Terror charges laid in Toronto massage parlour stabbing that left one dead
By The Canadian Press
By The Canadian Press
TORONTO — A teenager accused in a deadly attack at a Toronto massage parlour was inspired by the so-called “incel movement,” the RCMP said Tuesday as they announced terrorism charges against the accused.
The 17-year-old was originally charged with first-degree murder and attempted murder following multiple stabbings at an adult massage parlour in the city’s north end on Feb. 24.
A 24-year-old woman, Ashley Noelle Arzaga, was found dead at the scene, while a man and another woman were also stabbed in the alleged attack.
Toronto Police Service contacted the RCMP shortly after the incident, when they allegedly found evidence the accused was inspired by the “incel movement,” the RCMP said in a statement.
The incel movement — “incel” is short for “involuntary celibate” — is a fringe internet subculture typically dominated by men who blame women for their lack of sexual relationships.
The RCMP said a joint investigation with the Toronto police concluded the massage parlour attacks were terrorist activity, and the charges against the teenager were updated to first-degree murder – terrorist activity and attempted murder – terrorist activity.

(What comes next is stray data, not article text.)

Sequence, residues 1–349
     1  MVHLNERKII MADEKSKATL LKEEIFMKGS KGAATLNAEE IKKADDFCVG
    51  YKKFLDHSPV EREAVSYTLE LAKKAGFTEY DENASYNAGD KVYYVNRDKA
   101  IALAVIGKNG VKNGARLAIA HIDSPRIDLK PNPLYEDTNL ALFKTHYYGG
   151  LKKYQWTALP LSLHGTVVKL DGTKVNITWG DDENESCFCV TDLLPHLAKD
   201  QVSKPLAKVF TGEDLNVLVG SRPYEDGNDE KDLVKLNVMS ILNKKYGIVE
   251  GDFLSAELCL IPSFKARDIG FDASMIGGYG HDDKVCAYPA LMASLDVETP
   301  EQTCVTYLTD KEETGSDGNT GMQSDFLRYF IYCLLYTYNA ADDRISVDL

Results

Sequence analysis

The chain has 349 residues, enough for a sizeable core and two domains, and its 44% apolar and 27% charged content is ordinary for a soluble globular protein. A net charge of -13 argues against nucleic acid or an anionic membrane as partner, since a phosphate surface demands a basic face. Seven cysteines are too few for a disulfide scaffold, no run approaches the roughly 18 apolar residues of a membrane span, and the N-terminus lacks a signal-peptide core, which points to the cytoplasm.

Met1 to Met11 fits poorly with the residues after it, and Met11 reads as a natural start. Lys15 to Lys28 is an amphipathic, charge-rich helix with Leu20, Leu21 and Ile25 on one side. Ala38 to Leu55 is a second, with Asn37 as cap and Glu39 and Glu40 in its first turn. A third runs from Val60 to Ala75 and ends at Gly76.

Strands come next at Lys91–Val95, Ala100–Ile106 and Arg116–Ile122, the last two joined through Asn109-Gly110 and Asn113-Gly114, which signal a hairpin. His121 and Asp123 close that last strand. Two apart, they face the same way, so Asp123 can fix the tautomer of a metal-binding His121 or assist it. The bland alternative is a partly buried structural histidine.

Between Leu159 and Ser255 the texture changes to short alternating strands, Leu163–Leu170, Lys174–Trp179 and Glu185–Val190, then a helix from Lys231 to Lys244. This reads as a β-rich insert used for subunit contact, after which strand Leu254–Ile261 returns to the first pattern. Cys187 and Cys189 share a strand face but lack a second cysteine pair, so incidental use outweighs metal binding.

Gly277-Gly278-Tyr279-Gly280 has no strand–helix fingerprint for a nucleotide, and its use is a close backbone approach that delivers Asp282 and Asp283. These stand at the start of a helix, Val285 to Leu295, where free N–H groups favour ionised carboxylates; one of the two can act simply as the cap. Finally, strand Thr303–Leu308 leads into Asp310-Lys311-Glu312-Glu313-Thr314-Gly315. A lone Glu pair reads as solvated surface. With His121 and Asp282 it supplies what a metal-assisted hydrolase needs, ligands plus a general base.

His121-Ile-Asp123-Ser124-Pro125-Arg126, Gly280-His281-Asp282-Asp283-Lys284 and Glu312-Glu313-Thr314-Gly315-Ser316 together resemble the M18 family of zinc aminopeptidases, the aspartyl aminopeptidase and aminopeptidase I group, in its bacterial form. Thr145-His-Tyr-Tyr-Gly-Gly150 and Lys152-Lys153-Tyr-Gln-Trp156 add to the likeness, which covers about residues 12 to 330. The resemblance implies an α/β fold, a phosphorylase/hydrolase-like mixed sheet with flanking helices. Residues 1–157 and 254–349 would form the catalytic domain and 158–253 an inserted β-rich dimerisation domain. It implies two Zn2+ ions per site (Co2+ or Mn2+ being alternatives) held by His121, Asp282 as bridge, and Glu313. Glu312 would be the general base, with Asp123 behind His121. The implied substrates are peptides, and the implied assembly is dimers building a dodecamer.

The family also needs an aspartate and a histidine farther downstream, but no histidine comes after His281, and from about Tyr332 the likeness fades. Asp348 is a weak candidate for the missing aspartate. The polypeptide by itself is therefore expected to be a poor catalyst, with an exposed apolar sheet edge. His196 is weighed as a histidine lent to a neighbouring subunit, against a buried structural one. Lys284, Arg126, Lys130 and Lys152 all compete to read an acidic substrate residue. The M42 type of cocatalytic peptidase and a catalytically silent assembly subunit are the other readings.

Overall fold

The accused — who cannot be named because of his age — appeared in court via video on Tuesday to face the updated charges. His next court appearance, again by video, is scheduled for June 30.
Police said the attack appears to have been an isolated incident and there is no further known threat to the public associated with the accused.
Alek Minassian, who is facing 10 counts of first-degree murder and 16 counts of attempted murder in connection with the so-called van attack in Toronto on April 23, 2018, told police that he carried it out as part of the “incel movement.”
Minassian said in a lengthy interview with police that the attack was in retribution for years of sexual rejection and ridicule by women. He is not facing terrorism charges.
– John Chidley-Hill
This report by The Canadian Press was first published on May 19, 2020.
News from © Canadian Press Enterprises Inc., 2020